Wherever you are at when reading this, your car is likely in the vicinity. I’m obviously playing the odds; most of us own cars, and most of us are almost always just a few steps away from it, or perhaps a short elevator ride from it.
And, for the minority of you that either don’t own a car or are not around your car, let’s assume for this exercise that there is at least some car in the neighborhood for you to have in mind…
Okay, let ‘s get started. Let’s take apart your car.
Literally; let’s imagine that you and I and perhaps a friend or two go out to your car and disassemble it. Completely. And then we carry all the pieces/parts to where you are right now reading this.
So you are now reading this with all of your car’s pieces/parts around you.
Do you have your car with you now?
Of course, you would say no; you would say you have your car’s pieces/parts all around you, but not your car. And of course you would be absolutely correct.
So now let’s say we take all those pieces/parts and put them all back together again. Would you now say you have your car with you?
You might say, well, yeah, I now have my car with me, if, of course, we put the pieces/parts together just the way they were before. Big if, I suspect, for most of you, and most of our friends, and, most certainly me.
You might further say that you have what looks like your car with you, but you’d have to be convinced that the pieces/parts were all put together properly.
How might you do that? You would, of course, need to drive your car.
So now we might add that you could only say that you have your car with you if in fact it works like a car should work.
Good God, John, get to the point please!
We’re not quite there yet.
It’s not about the pieces/parts; it is what the pieces/parts do. In fact, more specifically, it is what the pieces/parts do together.
It’s about the whole. It’s about the precision interactions; the information flow; the information processing; the outcome … the result … the performance.
SO WHAT! Criminy, John; why does this matter? Are we there yet?
Let’s think about fixing your car in an attempt to make the point of why this matters.
Other than in this exercise, when your car doesn’t work right, what do you do? Depending on your knowledge of the car and how one works, you might throw your hands up immediately, have it towed to your local mechanic, and just say something like it just doesn’t start!
Or you might say it doesn’t start, and I think it’s either the battery or the alternator … and the mechanic will start testing the parts, starting with the first ones you’ve mentioned, unless of course they were preposterous suggestions my car doesn’t start and I think it’s the suspension system…
With our blog post scenario though, we know that all the pieces/parts worked perfectly fine before we took them apart and then reassembled them. (Let’s just go with this assumption!) It is of course not the failure of one or multiple individual pieces/parts. All the individual pieces/parts are entirely capable of performing their unique function upon reassembly as they were before disassembly (assuming of course, that we didn’t damage them in that process. Let’s assume this as well please!).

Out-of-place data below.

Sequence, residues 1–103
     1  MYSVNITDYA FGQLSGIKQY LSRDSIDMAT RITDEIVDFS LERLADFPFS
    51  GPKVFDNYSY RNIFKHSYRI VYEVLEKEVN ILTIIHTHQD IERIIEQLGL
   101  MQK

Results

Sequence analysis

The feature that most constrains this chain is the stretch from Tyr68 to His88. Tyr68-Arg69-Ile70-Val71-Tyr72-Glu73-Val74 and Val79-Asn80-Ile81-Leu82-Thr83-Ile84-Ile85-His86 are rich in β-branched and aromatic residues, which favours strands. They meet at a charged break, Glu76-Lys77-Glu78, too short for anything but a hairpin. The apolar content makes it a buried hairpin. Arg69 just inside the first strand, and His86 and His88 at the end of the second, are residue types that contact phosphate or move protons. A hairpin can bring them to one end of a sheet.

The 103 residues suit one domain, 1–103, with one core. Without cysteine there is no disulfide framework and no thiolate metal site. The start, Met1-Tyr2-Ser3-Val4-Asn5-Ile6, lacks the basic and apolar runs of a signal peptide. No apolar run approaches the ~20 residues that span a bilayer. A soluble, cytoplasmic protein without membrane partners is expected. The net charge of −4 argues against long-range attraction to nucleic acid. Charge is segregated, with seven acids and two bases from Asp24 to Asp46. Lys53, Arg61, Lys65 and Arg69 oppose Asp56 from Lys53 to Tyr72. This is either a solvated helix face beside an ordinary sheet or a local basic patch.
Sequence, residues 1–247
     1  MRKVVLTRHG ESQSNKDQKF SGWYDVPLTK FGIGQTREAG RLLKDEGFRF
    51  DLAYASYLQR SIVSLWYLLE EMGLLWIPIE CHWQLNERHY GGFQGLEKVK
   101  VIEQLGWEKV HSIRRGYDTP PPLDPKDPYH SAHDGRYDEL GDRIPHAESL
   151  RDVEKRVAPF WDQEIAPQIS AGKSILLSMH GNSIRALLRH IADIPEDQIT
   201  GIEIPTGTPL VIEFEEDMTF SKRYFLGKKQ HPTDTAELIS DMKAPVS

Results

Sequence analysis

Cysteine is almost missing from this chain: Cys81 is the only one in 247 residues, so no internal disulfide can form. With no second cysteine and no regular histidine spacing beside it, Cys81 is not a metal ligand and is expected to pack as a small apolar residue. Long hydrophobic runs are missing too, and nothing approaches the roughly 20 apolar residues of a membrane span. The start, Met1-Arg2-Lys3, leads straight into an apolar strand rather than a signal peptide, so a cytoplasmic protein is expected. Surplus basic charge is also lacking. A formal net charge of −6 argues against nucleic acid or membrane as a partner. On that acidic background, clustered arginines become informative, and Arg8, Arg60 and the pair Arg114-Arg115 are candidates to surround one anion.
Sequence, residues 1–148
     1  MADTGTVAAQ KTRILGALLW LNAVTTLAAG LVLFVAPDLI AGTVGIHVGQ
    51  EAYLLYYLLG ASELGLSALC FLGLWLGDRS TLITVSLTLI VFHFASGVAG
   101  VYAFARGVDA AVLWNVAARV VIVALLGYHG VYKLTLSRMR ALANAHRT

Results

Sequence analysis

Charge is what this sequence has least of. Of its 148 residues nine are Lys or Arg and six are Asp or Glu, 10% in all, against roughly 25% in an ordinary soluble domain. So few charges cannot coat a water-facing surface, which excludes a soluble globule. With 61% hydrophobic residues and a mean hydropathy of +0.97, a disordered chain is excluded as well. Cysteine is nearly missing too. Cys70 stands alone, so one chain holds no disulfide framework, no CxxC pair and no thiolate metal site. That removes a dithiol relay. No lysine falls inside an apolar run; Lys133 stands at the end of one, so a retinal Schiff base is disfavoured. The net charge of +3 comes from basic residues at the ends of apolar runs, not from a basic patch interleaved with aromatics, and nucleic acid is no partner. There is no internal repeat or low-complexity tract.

So if the problem is not in the pieces/parts, it must be in the interaction of the pieces/parts.
We’ve been taught to analyze tough problems. Analyze means to separate into constituent elements, or parts. Break it down; take it a piece at a time; see what works and what doesn’t work; isolate the cause of the problem, and then fix — repair or replace — it.
Often — in fact, increasingly often, given the increasing complexity of things like technology and communication networks and such — analysis is not quite what we need. What we need is to see the system of parts, to map the quality of the interaction of the parts, to find what is off, insufficient, or missing in the network of to and from, give and take; the input/process/output cycles that flow into other input/process/output cycles, to really diagnose the problem.
I apologize; for in this post I have intentionally belabored. I have because I feel compelled to make the point that to think effectively systemically — to holistically diagnose problems to get a solid read on cause and effect — is not obvious, not straightforward, and most definitely not easy.
Hence, it is not common practice.
And when you do run across someone who thinks systemically, it can be irritating (like this blog post?) because it is long, comprehensive; it considers many factors, some entirely non obvious, and it is difficult to keep them all in scope and see them all together. I know from experience, being the irritator…
Systems thinkers tend to come off as know-it-alls. We actually do tend to know it all, just not in the way you think!
Speaking of irritation — sorry about your car … call your mechanic.
I would bet that if you have a great mechanic, he is a great systems thinker. He knows it’s really not so much about the pieces/parts.
If he isn’t a systems thinking mechanic; you’ll know he isn’t when you get the bill for a new battery and a new alternator and a new suspension. Ouch.
And therein lies the last point in this already too long post — solving problems by analyzing, repairing and/or replacing the constituent pieces/parts is costly.
Especially when the system in question is not a mechanical system like a car, but a social system like an organization. Because there, the pieces/parts are people.